This time last year, I created a hashtag on Twitter that would serve as a coping mechanism for fans who were left to deal with the doom and gloom of that losing season. As a play on words, based on the rallying cry for the Confederate statues to be removed — “Take ‘em down 901” — as coined by former Grizz head coach David Fizdale — #TankEmDown901 was my personal attempt to get fans on board for the team's tanking.
Last year, it made perfect sense. A team that was aging and filled with mediocre young talent in need of a potential young star had the opportunity to position itself to do just that. Mike Conley had suffered a severe heel injury, so sitting him for the season gave the team an out. The Grizzlies were so bad without him that it was second nature to do as little as possible to try to actually win games. It was clear what the best course of action was. The “tank” was full of gas — locked and loaded.
This season, things are a little different. The Grizzlies owe a conditional first-round draft pick to the Boston Celtics from the Jeff-Green-for-Tayshaun-Prince trade. So, it would be a little haphazard to go into what is an imminent rebuild for the franchise without a strategic plan.
It was no secret that Grizzlies ownership and management were doing everything they could to make this season’s team the best it could be in order to convey the worst pick possible to Boston. If this plan also resulted in a playoff berth for the Grizzlies, it would be a win-win for the organization. Regardless of the spiel coming from the front office, coaching staff, players, and even the owner, the main goal was always to get off of the trade obligation to Boston with the least amount of damage.
This plan looked like it had a great chance of working, earlier in the season, but now that the Grizzlies sit at 19-24, 14th in the Western Conference, and with the eighth worst record in the NBA, the question of whether or not to tank again this season is not as simple as it seemed, even a few weeks ago.
There are a few things of which many fans don’t really have a clear understanding. So, it’s been entertaining to see those who fought the #TankEmDown901 movement last season until the bitter end, now turn bloodthirsty over the chance of taking another high pick this year. Tanking has an odd thrill to it.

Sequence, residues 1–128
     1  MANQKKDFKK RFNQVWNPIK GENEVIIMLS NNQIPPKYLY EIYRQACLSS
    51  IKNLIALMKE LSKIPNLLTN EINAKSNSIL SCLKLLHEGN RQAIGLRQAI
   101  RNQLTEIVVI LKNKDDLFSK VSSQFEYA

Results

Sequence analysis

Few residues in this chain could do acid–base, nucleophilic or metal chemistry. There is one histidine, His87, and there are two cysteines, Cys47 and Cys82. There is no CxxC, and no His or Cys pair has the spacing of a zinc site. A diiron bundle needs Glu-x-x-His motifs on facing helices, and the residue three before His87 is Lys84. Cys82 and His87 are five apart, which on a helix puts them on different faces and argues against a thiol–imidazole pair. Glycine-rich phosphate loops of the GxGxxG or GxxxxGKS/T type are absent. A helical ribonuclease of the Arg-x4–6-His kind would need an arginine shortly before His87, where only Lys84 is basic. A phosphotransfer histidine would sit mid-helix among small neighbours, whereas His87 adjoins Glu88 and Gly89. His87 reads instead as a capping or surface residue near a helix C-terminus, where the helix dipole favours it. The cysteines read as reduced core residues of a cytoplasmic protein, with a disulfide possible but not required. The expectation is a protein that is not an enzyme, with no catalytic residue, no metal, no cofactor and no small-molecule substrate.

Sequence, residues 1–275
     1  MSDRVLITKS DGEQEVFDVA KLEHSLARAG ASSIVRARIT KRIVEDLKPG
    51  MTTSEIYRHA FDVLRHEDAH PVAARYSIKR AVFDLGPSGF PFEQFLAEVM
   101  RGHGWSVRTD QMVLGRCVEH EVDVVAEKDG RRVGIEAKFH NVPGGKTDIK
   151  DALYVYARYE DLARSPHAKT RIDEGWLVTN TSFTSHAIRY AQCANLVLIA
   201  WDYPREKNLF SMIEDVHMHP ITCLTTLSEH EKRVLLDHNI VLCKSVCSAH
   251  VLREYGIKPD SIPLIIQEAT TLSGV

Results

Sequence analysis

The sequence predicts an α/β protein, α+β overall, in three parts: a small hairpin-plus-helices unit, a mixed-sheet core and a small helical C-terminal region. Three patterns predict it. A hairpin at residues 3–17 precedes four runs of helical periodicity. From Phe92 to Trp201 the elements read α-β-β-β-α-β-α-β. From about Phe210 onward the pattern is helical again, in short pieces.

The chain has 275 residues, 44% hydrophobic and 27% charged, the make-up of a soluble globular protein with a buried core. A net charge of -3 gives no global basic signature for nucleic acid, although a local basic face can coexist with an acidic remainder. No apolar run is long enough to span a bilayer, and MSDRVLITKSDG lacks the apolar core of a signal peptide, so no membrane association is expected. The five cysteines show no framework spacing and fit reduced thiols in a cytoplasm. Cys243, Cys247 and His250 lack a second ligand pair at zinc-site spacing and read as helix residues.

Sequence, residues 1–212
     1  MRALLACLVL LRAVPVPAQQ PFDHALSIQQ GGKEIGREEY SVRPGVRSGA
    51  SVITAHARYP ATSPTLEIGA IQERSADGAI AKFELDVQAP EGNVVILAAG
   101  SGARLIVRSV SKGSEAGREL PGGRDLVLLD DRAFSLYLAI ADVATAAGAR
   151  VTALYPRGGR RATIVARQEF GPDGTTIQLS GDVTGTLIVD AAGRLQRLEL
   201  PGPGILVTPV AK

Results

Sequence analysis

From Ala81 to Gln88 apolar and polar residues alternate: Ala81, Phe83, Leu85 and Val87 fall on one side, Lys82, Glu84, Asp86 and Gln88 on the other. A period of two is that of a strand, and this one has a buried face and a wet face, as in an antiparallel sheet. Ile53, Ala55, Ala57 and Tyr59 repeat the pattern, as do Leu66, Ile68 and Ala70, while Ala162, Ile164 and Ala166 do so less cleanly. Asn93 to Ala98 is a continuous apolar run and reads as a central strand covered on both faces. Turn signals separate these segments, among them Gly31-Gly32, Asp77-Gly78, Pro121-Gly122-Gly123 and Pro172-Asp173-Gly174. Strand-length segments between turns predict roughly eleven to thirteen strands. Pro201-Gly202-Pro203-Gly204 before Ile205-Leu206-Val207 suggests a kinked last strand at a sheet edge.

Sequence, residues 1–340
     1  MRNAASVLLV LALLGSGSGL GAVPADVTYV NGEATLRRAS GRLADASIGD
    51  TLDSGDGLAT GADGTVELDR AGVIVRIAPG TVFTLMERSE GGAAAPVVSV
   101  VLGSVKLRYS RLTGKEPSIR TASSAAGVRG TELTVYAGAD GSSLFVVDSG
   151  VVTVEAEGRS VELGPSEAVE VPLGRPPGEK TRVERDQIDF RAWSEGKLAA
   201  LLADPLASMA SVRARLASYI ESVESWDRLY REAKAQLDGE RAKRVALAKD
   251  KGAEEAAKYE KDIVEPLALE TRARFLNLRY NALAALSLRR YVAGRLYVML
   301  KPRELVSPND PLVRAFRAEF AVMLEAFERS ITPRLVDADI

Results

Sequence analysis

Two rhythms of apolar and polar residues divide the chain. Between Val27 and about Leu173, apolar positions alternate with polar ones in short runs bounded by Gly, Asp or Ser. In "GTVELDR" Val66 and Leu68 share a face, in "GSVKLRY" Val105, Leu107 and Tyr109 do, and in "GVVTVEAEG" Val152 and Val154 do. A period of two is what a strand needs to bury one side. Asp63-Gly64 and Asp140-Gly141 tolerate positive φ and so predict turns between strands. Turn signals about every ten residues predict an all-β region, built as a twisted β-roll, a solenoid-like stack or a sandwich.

But fans need to understand what is at stake in totality and not what is just in front of their faces. For one thing, the pick that the Grizzlies owe Boston is top eight protected this season, top six protected in 2020, and unprotected in 2021. If the Grizzlies are bad enough to finish in a position in which they draft in the top eight this season, you can expect that they will be bad enough again next season to be among the top six picks.
The kicker is that in the 2021 draft, which is most certainly going to be a bad one for the team, the team is staring at the possibility of not only being bad but having to surrender their pick, regardless of position, to Boston. Most who are for tanking this season are basing that position on the team getting one of the projected top four picks, including Duke Freshmen Zion Williamson and RJ Barrett. The reality is that the Grizzlies would more than likely, based on current odds and record, draft outside of the top four — in a draft that is weak, except for the studs at the top.
I would prefer the Grizzlies just let the season play out and not do anything drastic to put themselves in the best position to neither win nor lose. The reality is that with proper planning and execution of the pending cap space, good things could become available over the next two years. I know that asking for proper planning and execution from Pera and company is basically like asking for consistent weather in Memphis. But regardless of what they do, a lot is at stake regarding the draft this season and the next few to come.
There are too many question marks about how tanking this season could turn out. I would prefer to see the team finish outside of the top eight picks, but with the way things have been going lately, the Grizzlies may not have a choice.